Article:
“Your soul knows the geography of your destiny. Your soul alone has the map of your future, therefore you can trust this indirect, oblique side of yourself. If you do, it will take you where you need to go, but more important it will teach you a kindness of rhythm in your journey.” ~ John O’Donohue
Who are these children
Who scheme and run wild
Who speak with their wings
And the way that they smile
What are the secrets
They trace in the sky
And why do you tremble
Each time they ride by ~ Steely Dan, Gold Teeth II
“A kindness of rhythm in your journey” – How’s that for a start to the day. I will most definitely, and certainly, and indubitably, contemplate that while I do my laundry this morning, down at the laundromat on the Pueblo. I love that rustic place. Moving forward . . . I made an error in starting this post; the cat was sleeping right through her feeding time, but that only went so far. Busy backson.
“Owners of dogs will have noticed that, if you provide them with food and water and shelter and affection, they will think you are god. Whereas owners of cats are compelled to realize that, if you provide them with food and water and shelter and affection, they draw the conclusion that they are gods.” Christopher Hitchens
Awesome sunrise here for my birthday. All gray and stuff. I love a cloudy morning, that’s all. Anxiety level is high this morning. Not sure why, or maybe its just a high cycle in The Illness. Living with The Illness is not fun some days. Some a challenge, and some simply dark. There is always light, of course, and I have many tools in my toolbox to bring it forth. I shall do so today. Nine weeks until my first SS benefit funds arrive. That’s the main thing. I am officially retired now. As of today. And on my birthday, with all of these blessings, I am allowed to indulge: an excerpt from my book, a snippet concerning my soulmate, who passed on in 1995. I have missed her sorely. Perhaps today, with this invocation, she might come to visit in spirit. I’d like that.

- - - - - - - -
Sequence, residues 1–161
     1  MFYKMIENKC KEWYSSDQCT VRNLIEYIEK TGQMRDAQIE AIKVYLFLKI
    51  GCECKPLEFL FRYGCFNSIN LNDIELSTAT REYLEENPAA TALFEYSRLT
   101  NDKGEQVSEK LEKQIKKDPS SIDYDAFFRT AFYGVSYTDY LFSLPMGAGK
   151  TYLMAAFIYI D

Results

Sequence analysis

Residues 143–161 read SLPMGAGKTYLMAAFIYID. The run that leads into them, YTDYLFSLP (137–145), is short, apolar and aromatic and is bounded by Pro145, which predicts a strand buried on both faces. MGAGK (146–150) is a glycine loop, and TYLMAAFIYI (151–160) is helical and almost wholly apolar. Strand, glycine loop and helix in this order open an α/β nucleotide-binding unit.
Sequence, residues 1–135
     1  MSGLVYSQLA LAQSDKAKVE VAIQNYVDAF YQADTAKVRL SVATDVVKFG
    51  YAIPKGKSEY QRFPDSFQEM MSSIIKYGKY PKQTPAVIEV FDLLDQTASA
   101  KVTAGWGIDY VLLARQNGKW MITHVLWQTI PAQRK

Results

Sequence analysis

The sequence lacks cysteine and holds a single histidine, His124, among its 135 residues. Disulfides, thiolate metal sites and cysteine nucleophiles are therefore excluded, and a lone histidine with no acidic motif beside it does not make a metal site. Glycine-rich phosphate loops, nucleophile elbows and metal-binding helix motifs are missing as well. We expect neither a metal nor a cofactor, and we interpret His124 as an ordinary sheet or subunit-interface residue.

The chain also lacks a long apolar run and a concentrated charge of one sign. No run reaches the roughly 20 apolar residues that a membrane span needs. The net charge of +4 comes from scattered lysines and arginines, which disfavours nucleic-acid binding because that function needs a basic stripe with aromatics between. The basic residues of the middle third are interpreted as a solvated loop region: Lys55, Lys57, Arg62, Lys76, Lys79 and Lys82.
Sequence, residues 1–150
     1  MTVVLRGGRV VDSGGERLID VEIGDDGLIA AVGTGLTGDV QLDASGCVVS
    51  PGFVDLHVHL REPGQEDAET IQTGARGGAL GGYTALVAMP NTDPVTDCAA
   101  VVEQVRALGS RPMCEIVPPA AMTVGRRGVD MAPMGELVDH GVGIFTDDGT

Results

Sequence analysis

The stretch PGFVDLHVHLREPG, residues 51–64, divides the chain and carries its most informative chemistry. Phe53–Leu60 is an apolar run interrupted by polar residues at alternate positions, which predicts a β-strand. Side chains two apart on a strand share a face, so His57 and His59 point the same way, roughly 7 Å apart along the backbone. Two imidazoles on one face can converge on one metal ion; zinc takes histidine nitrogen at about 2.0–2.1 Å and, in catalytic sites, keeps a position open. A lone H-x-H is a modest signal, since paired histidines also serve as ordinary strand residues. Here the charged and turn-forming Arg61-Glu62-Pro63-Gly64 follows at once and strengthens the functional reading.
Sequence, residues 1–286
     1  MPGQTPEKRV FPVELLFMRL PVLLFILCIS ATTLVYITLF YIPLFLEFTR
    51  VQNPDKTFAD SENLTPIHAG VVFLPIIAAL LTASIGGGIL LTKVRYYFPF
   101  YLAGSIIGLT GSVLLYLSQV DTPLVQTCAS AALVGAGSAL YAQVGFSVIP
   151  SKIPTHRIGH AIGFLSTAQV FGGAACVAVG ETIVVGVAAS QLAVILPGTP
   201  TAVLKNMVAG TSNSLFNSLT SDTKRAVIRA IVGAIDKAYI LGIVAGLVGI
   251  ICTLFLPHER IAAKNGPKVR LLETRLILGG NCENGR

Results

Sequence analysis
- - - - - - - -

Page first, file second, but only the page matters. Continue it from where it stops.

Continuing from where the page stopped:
Once again I had entered the labyrinth of the Dreamtime. Fear and pain, at the prospect of viewing her dying body, were pummeling me in a way that made Hurricane Andrew’s fierceness look like a kitten’s scratch. I wore my brave face. And it turned out that Martha was excellent company. Some of the details of that trip to the mainland, to the hospital, remain sharp. The remaining feelings have a sharpness as well.
Martha had heard a tape of my songs, which I had given to Lori. After the accident Vivian gave me a tape of two of her favorite bands: The Romantics and Toad the Wet Sprocket. She explained that she had heard my music, and her tape was a sharing in return. The music was a point of connection that allowed us forget why we were traveling to Miami together, so a lot of our conversation revolved around music.
During most of that trip I was seemingly as oblivious as I had been the night I had been given the same ride in the back of an ambulance. But somewhere near the hospital the memories came back to me. In response to something I said, Martha replied, “It’s like true love: very rare, and very mysterious”. We were approaching the ramp leading up and into the parking garage for Jackson Memorial Hospital. The remark about true love had snapped me back into the present moment in a way that, somehow, I remember as being like Wiley Coyote in the Roadrunner cartoons, regaining his awareness after one of his schemes goes awry. Vivian looked straight ahead as we ascended the ramp. She said, all hushed, “Life looks very large at times”.
Lori’s mom was already there at the hospital. I have no idea whether the concurrence of our meeting there was planned or not. But I remember her being in the ICU. It was a room of shadows.